“Nevada” can’t stop asking. It treats the injections, the pills, and so on with a knowing frown and a shrug. Authenticity, not uplift, is the point; it isn’t a book about collective struggles for civil rights, although it is a book about people who have white privilege and still can’t take those rights for granted. You don’t need a fire alarm going off if you can already see that your kitchen’s in flames. You might, though, need safe ways to leave the house. And Maria has always needed to leave the house.

Maria grew up (flashbacks tell us) in rural Pennsylvania and spent a lot of her teen years stoned; as planned, she got through college, then moved to New York City. Once she started living as a woman, she had no idea where to go next, having spent her youth absorbed by rejection, resistance, and flight. Before coming out, “being present in her body meant feeling things like: My gender is wrong, and My body feels weird, and My mind feels like it’s being ground into the concrete by how bad I need to fix that.” After coming out, she faced the question she later asks James: “What do you want?” (James’s reply: “Not all this.”)

“Should we watch the lighthearted workplace comedy or the dystopian workplace drama?”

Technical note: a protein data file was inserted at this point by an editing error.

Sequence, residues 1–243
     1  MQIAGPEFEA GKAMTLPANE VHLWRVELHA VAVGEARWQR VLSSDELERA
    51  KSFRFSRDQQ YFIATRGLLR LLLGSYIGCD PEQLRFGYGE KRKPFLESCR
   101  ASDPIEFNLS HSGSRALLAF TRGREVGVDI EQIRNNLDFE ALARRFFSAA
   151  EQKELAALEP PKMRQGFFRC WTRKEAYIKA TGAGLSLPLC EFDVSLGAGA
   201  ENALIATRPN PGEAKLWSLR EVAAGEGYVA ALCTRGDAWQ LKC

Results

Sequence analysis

Cartoon by Suerynn Lee

“Nevada” is a book about leaving, about rejecting, about saying no: no to the standard Trans 101 narrative, in which, before transition, we’re all suicidal and, after transition, we’re all happily indistinguishable from cisgender people, unless we become doomed sex workers; no to the expectations that books about trans people written for cis people usually meet. And no to the lives that Maria and James have been living. Nobody in “Nevada” finds true love, no cis character has an on-page epiphany thanks to a trans friend, and nobody dies. Binnie’s tight third-person narration sticks closely to the figure that each chapter follows: mostly Maria, later James, and, for one chapter, Steph. That arrangement lets readers stay with each character as she, or he, pushes away what the wider, respectable world of employment and romance expects.